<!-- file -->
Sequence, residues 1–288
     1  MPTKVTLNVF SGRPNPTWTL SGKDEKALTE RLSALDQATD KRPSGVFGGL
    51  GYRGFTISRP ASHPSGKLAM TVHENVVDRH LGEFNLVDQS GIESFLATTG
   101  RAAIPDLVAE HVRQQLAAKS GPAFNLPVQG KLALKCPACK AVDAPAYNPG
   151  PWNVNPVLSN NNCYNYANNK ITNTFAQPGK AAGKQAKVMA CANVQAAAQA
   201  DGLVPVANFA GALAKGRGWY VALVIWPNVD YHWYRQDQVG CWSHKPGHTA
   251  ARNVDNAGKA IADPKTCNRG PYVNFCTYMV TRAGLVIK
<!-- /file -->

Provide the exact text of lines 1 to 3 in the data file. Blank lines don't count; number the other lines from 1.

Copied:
Sequence, residues 1–288
     1  MPTKVTLNVF SGRPNPTWTL SGKDEKALTE RLSALDQATD KRPSGVFGGL
    51  GYRGFTISRP ASHPSGKLAM TVHENVVDRH LGEFNLVDQS GIESFLATTG